Wednesday, April 27, 2016

W is for Rebecca West and Virginia Woolf

My theme this year is the ABCEDARIA of Women who have inspired me.

W is for Rebecca West 

Image result for Rebecca West
 Rebecca West was born Dec.21, 1892 in Kerry, Ireland.Her book Black Lamb and Grey Falcon is called a travel book but it is unlike any book I have ever read. Like the densest of chocolate, it demands to be savored slowly. I had it by my bed for just under a year. I simply couldn't consume it without lots of digestion time in between reading bouts. I also had to read great chunks of it out loud to my dear guy. West would take something she and her husband had seen on their six week trip to Yugoslavia - say a small church or the cornice on a government building and before you could see what she was up to - you'd have traveled with her back centuries into the history of that place. The trip coincided with the Nazi invasion of Yugoslavia. Her grasp and passion for politics and history carry you along until she has deposited you right where she wants you to be. Her private life was anything but - she had a ten year affair with H.G. Wells that gave her her only child, a son. She married in her thirties and stayed with her banker husband until he died but the last years were troubled and unhappy. She lived until she was 92 and was productive her whole life. Happy? I don't think so but brilliant, passionate and engaged - yes. Oh and we share a birthday which gives me a very particular and peculiar thrill - an unearned excitement.
George Charles Beresford - Virginia Woolf in 1902.jpg

and Virginia Woolf - what can I say about this woman that hasn't been said a million times? I am so inspired about her views on writing and women. A Room of One's Own is a constant companion. To the Lighthouse is a wonder of a book and I could spend a year or two reading and rereading Mrs. Dalloway.  I was first inspired by her when I read about The Bloomsbury Circle. Her innovative approach to writing is deeply thrilling. Her writing about writing is something that I think of daily. Here is something she wrote that Ursula Le Guin addressed in one of her essays. I've put it here before but it needs reminding of. It is from The Letters of Virginia Woolf, volume 3.
Style is a very simple matter: it is all rhythm. Once you get that, you can’t use the wrong words. But on the other hand here am I sitting after half the morning, crammed with ideas, and visions, and so on, and can’t dislodge them, for lack of the right rhythm. Now this is very profound, what rhythm is, and goes far deeper than words. A sight, an emotion, creates this wave in the mind, long before it makes words to fit it; and in writing (such is my present belief) one has to recapture this, and set this working (which has nothing apparently to do with words) and then, as it breaks and tumbles in the mind, it makes words to fit it. But no doubt I shall think differently next year.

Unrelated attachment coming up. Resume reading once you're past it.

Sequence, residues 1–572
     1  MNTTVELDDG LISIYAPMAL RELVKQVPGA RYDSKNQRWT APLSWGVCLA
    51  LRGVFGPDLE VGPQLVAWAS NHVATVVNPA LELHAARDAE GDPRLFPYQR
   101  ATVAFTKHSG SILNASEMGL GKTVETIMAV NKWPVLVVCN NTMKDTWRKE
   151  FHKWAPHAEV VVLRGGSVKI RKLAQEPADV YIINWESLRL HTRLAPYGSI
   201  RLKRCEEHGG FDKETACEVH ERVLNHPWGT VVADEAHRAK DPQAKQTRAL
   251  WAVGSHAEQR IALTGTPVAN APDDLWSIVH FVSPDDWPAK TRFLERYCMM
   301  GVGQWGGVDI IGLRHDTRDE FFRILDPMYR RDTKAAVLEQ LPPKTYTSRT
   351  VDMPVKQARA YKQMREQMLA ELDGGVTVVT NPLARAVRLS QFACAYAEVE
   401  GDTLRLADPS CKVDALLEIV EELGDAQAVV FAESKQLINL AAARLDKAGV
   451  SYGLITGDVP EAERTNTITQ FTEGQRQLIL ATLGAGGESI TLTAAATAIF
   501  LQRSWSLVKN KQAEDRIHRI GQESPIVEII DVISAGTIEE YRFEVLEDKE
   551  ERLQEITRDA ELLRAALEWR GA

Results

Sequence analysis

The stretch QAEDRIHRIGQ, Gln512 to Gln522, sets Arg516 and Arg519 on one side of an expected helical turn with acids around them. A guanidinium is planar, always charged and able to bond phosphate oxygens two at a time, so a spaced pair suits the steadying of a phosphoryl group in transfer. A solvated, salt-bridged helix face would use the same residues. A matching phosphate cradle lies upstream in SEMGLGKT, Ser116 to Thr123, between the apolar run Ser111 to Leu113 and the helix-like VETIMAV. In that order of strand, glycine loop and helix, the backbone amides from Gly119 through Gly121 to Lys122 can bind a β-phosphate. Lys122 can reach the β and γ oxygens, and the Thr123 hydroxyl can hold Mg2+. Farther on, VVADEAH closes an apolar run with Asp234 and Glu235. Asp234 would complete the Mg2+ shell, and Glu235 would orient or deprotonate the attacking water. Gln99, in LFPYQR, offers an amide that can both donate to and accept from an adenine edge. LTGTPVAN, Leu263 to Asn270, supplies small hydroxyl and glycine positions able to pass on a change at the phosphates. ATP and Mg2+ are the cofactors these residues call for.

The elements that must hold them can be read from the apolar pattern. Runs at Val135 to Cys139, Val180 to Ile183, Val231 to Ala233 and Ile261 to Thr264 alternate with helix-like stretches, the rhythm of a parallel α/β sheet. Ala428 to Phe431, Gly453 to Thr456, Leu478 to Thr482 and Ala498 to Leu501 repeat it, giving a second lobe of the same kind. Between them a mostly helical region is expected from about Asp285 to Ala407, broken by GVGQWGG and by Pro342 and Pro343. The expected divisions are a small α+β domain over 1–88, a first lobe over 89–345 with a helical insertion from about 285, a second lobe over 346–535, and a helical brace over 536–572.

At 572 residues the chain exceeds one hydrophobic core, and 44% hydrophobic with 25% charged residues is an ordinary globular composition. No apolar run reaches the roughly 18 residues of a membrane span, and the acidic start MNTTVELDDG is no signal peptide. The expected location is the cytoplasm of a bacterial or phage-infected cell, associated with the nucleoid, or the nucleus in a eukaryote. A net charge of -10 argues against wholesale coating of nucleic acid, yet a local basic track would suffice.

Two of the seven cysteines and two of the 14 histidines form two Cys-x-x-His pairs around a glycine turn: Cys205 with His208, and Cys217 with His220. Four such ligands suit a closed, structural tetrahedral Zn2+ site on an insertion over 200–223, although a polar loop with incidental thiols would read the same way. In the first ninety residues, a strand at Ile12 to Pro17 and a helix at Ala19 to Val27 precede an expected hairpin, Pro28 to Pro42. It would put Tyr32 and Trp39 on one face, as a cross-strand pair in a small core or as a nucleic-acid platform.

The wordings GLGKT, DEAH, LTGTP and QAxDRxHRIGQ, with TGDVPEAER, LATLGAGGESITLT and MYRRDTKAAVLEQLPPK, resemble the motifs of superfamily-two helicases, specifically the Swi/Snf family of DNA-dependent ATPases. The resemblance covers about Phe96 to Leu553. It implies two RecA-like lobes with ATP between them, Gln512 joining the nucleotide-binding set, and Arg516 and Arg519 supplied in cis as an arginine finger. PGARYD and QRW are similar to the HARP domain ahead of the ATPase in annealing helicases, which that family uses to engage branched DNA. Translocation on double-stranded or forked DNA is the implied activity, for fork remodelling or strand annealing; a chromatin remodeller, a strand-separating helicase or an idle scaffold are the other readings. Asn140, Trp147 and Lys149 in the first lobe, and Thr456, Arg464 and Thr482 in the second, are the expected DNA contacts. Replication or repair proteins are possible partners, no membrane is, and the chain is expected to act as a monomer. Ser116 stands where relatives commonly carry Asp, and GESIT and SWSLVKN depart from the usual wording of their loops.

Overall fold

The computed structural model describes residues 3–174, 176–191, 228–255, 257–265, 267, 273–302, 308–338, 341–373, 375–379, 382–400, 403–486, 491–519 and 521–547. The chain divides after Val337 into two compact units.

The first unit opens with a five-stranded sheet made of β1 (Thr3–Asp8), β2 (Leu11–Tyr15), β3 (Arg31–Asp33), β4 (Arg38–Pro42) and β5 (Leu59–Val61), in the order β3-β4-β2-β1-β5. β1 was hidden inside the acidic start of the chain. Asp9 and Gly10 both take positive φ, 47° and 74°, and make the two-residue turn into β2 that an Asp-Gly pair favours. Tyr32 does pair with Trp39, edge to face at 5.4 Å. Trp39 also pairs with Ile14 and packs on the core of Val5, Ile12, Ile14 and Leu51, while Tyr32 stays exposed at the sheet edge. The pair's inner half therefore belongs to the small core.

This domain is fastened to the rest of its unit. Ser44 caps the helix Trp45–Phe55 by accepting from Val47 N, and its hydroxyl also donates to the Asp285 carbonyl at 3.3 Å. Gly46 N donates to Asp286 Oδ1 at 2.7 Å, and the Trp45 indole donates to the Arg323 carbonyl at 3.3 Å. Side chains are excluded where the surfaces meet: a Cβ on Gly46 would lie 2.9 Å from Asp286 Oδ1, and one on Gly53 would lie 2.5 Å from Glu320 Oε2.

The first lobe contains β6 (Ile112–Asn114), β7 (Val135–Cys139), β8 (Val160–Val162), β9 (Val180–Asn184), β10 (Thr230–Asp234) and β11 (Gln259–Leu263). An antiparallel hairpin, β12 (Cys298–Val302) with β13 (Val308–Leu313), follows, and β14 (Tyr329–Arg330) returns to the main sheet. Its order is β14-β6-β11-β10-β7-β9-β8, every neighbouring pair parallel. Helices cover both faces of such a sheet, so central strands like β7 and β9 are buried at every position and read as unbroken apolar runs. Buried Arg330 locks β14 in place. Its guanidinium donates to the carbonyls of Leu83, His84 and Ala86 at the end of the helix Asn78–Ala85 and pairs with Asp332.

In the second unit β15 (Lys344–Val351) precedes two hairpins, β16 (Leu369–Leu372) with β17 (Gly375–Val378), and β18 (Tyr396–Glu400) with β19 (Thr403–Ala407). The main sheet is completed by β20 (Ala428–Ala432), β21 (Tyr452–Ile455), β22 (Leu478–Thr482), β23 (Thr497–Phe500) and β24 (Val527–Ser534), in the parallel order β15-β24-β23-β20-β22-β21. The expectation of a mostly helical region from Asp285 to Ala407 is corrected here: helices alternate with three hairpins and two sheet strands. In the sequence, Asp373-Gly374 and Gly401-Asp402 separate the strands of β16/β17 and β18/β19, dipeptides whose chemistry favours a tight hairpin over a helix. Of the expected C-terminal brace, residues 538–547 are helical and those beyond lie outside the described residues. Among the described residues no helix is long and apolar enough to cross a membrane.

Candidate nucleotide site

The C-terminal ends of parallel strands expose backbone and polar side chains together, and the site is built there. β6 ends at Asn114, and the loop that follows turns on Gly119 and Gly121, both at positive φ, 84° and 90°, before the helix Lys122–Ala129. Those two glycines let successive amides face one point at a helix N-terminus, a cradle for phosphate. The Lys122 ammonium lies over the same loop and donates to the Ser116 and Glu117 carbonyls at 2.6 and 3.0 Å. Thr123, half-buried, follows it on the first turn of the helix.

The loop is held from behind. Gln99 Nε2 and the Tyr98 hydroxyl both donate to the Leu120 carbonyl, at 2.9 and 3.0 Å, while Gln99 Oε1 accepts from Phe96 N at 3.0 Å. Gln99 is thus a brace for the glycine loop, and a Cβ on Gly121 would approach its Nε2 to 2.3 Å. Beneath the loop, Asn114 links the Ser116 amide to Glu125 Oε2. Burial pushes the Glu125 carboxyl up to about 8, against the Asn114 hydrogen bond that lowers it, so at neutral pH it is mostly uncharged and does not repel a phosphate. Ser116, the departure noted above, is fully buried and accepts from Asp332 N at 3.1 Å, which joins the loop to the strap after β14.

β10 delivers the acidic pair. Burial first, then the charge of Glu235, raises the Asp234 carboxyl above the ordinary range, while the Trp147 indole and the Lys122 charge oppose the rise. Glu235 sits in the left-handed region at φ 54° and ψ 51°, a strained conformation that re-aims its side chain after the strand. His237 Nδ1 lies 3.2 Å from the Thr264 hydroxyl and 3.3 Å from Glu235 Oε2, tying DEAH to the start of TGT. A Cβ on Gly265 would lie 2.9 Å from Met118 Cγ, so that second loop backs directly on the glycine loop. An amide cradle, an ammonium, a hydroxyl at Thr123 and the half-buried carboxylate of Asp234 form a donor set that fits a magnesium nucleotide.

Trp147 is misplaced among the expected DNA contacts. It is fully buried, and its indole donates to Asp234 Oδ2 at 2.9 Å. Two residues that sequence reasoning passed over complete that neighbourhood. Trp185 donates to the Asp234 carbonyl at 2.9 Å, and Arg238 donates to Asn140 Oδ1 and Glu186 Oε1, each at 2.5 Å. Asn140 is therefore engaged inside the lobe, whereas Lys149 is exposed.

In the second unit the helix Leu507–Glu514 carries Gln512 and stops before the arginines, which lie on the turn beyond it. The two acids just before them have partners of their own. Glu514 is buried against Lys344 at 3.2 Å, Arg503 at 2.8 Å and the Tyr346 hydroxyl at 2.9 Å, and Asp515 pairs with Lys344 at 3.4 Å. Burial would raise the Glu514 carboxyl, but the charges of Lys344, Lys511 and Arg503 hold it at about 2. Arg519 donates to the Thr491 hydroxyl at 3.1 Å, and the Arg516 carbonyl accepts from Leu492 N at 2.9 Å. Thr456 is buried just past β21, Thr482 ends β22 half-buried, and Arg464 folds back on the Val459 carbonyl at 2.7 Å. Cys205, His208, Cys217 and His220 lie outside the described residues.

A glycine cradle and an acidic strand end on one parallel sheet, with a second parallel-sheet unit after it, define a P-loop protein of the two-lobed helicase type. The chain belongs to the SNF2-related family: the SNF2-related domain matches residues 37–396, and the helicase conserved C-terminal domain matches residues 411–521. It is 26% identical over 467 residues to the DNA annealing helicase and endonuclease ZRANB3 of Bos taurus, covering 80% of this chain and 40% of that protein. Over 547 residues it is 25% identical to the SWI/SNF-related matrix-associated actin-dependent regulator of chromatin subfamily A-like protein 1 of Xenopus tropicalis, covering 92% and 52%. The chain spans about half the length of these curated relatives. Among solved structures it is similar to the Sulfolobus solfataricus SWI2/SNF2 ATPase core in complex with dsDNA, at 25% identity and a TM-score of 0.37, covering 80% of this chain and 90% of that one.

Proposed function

Now there you are! Two inspirational writers - born in the same time period - neither particularly happy (Woolf suicided at the age of 59, stones in her pocket to the bottom of the River Ouse) but both feminists, creatives, political and engaging.  Now I need to get back to my own writing! How about you? Any inspiration out there?


Gail M Baugniet - Author said...

Breaking away to write poetry (especially prose poems) can help capture the rhythm. While sentences shouldn't rhyme, they should have the feel of balance that defines poetry.

Gail’s 2016 April A to Z Challenge

Margot Kinberg said...

Interesting choices, Jan! And I do love those comments on style. Actually, I've been richly enjoying all of your choices this month :-)

Karen Jones Gowen said...

Virginia Woolf can be difficult for the modern reader. But then when one gets to a passage that resonates, oh it is worth it! I don't think I've read any of Rebecca West. Now I really want to look up this book you mentioned!

Hart Johnson said...

Great examples, and nice spotting on rhythm. I think that is one key of voice.

Susan Scott said...

Thank you Jan, I've noted Rebecca West. I love/envy that ability to engage the reader from the seemingly mundane to loftier spheres.
Yes, well, Virginia Woolf who has endless fascination for me. Thank you for the excerpt on style and the necessity of rhythm. It sounds spot on ...I like what Gail as commentator said about breaking away and writing poetry, or prose rather, in helping to find the balance.